Help wanted as Steamboat Sailors’ search for new football assistants begins
Steamboat Springs — Dramatic changes to the Steamboat Springs High School and Middle School football programs entered a new phase Tuesday when high school athletic director Luke DeWolfe posted the openings for seven paid coaching positions.
“We are starting from scratch, and every position will be open,” DeWolfe said.
Last week, Shawn Baumgartner was hired as the Sailors new high school football coach, and the process to realign the program from top to bottom shifted into high gear.
Community members, as well as coaches who have worked inside the high school and middle school programs in the past, are being asked to re-apply for jobs if they have any interest in coaching the team during the 2017-18 season. The application can be found at steamboatschools.net/departments-daadfe86/human-resources-1d419f06 under current job openings.
In addition to paid positions, the school is also looking for volunteers to help fill out the staff.
The idea to realign the program was set into motion earlier this spring when Lonn Clementson, who had coached the team for seven years, stepped down.
“The biggest thing is that this is now one program from seventh through 12th grade,” DeWolfe said. “The players will be taught the same basics, they will learn the same system and they will share common terms.”
He said the actual structure of the middle school program — which has had a head coach for both the seventh grade and eighth grade teams — has not yet been determined.
“The opportunity within this process is to recreate a system that fits the need of our programs,” DeWolfe said. “We will define those positions as we go through this process, and we will look at the people we hire and figure out where their skill set is going to be most beneficial, where they will be most comfortable and how they can influence the program in its totality.”
He said the school has posted the positions for four middle school and three high school coaches. He is hoping to create a solid candidate base and review those applications by April 17 and start the interview process after spring break.
“We don’t want to rush through this process,” DeWolfe said. “Our concern right now is getting the right people in the right places, and making sure that the people we put in those positions are the right fit.”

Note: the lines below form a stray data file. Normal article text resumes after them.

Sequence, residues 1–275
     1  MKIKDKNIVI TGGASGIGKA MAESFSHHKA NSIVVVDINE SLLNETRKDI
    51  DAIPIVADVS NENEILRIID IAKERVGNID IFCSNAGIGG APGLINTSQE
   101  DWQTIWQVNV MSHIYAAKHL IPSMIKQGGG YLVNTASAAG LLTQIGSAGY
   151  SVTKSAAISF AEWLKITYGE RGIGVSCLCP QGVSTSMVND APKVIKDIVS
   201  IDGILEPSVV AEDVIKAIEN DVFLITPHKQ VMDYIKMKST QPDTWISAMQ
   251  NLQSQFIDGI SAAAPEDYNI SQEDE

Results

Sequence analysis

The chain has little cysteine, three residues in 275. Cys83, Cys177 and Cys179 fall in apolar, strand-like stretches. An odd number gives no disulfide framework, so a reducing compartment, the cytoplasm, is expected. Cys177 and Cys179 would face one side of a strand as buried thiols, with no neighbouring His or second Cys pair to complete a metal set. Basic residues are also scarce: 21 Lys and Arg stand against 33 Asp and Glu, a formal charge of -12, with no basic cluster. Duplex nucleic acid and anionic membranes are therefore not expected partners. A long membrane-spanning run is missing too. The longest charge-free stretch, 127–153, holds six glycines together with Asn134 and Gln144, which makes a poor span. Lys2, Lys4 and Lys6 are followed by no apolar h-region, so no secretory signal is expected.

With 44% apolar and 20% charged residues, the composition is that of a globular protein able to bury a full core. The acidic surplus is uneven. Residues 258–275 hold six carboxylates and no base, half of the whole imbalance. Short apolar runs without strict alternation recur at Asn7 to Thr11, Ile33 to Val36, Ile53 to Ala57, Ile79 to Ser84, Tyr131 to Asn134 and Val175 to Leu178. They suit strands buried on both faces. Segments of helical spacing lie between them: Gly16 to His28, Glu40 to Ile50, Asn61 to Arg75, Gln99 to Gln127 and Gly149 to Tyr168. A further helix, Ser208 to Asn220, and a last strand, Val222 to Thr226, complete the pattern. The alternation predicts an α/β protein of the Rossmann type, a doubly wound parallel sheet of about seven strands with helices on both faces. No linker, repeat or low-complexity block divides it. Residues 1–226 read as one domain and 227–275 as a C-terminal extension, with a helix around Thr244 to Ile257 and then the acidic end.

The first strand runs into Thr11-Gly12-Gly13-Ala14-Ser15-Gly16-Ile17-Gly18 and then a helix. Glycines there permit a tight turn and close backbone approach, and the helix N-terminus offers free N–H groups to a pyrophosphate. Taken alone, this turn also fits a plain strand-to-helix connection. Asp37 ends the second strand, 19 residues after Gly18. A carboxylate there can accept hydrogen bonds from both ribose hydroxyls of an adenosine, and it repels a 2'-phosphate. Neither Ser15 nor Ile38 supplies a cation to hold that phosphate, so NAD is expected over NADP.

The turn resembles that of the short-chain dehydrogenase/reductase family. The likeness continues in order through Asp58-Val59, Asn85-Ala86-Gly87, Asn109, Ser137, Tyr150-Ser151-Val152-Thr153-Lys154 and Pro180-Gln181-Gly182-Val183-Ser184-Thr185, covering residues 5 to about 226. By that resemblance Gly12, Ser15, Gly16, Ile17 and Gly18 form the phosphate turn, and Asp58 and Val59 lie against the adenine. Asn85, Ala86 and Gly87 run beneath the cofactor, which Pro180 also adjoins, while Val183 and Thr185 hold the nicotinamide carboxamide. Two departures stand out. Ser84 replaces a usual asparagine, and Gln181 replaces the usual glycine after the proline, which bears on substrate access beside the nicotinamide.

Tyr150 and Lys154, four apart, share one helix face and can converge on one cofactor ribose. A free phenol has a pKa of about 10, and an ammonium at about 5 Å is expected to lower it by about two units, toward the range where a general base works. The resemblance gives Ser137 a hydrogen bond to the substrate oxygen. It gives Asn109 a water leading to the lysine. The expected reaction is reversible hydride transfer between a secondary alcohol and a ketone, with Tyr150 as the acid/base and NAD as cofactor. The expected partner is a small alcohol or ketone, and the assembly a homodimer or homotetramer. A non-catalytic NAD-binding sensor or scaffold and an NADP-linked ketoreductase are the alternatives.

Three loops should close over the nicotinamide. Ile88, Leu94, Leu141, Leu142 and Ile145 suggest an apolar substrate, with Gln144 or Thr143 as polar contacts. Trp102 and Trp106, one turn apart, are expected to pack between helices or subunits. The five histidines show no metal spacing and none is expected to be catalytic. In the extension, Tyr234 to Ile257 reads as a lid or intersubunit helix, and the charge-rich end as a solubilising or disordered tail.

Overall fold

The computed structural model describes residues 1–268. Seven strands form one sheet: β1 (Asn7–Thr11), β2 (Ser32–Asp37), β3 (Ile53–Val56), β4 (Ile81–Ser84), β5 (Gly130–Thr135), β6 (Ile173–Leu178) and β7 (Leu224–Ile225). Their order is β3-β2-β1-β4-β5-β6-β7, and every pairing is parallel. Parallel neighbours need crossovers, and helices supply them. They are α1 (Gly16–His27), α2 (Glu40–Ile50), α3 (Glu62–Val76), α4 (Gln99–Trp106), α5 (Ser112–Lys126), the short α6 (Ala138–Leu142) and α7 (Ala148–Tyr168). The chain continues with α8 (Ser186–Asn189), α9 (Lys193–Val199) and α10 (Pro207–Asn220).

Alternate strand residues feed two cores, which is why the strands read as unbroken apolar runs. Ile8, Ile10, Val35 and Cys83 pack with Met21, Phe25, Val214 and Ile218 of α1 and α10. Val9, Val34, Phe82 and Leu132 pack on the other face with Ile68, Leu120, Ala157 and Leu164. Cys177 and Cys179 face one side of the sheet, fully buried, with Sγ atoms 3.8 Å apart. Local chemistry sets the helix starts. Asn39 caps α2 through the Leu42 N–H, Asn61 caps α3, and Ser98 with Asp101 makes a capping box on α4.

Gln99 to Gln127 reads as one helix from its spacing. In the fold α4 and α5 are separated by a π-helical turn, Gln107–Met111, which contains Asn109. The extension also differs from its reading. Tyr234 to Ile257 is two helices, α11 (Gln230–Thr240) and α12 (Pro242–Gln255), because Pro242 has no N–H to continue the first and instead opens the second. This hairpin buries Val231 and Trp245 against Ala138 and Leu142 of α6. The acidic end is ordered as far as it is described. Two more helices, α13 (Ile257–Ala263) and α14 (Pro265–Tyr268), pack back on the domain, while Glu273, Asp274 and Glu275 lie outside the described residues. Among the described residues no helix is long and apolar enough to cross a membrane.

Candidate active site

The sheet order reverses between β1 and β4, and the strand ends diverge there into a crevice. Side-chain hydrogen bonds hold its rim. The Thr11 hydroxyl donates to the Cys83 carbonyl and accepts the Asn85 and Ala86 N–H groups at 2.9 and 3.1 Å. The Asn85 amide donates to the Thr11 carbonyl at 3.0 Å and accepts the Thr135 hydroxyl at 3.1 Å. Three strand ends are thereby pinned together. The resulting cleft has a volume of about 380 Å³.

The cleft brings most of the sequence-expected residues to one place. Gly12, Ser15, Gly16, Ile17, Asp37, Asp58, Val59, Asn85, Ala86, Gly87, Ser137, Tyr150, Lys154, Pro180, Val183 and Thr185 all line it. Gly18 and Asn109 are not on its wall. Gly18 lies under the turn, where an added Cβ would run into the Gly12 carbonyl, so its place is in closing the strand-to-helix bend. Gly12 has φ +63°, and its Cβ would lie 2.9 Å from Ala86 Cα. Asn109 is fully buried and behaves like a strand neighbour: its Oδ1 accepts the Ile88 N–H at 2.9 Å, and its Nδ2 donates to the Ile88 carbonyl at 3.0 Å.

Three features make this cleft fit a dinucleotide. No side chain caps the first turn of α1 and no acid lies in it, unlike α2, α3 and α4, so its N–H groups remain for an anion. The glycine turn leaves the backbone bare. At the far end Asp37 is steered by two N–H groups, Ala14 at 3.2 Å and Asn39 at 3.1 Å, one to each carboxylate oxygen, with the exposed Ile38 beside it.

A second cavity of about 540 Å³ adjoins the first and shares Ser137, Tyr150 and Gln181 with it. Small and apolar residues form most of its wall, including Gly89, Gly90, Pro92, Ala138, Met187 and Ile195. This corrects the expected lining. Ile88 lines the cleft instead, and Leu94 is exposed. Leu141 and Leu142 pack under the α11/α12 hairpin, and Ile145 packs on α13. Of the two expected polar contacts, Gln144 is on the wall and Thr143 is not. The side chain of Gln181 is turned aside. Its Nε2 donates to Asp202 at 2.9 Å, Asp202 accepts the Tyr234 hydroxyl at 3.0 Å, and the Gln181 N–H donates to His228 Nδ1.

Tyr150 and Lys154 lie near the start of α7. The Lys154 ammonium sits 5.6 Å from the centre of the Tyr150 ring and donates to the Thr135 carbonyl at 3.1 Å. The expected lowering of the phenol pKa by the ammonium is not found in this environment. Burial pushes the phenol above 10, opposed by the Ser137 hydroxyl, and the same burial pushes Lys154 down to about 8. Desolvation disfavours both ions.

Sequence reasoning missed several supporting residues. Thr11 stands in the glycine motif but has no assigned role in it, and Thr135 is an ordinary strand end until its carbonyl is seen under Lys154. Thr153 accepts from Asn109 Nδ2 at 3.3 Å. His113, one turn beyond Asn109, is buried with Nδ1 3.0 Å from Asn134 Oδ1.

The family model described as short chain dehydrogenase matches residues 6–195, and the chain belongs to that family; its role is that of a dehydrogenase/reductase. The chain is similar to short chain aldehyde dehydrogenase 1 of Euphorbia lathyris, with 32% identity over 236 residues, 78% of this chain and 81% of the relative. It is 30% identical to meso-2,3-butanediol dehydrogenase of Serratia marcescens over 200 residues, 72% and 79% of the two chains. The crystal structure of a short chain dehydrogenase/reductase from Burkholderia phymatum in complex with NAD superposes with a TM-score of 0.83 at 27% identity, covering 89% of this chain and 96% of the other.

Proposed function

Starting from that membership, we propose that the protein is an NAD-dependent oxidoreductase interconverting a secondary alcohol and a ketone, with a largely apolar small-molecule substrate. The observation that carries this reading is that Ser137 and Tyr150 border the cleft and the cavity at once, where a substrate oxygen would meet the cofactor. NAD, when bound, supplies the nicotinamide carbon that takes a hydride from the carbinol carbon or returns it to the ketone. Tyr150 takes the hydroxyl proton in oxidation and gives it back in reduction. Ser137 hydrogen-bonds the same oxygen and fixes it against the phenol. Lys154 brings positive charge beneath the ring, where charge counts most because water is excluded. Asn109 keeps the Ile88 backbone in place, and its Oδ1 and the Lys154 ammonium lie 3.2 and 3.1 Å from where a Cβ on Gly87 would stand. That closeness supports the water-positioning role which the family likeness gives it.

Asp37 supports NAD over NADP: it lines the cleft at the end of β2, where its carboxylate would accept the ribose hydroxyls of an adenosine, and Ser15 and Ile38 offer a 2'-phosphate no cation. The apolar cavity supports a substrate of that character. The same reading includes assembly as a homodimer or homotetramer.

The motivation for change, according to DeWolfe, is to bring new players to the game, keep the middle school players who are moving to the high school program and ensure the future of football in Steamboat.
Last year there were only 35 athletes in the high school football program, and the team has struggled to get enough players to maintain a successful junior varsity program for several years.
Steamboat is not the only program struggling to increase the numbers of players competing in high school football programs, and a rule change that limited the amount of quarters a student-athlete can play in any given week has impacted junior varsity programs across the state. Before the rule change some players were competing in both varsity and junior varsity games in order to fill rosters.
DeWolfe said that concussions, and parents concerns about concussions, have also impacted football programs. He said it’s difficult to measure the impact because some players leave the game long before getting to middle school or high school or chose other sports because there is a perception they are safer.
The Steamboat football program has been proactive when it comes concussions, and DeWolfe expects the new coaches to continue to stress player safety in practice and in games.
“We want to develop a program that progresses young athletes safely and logically through our program — one that allows the athletes to be successful, and a program that is sustainable,” he said.
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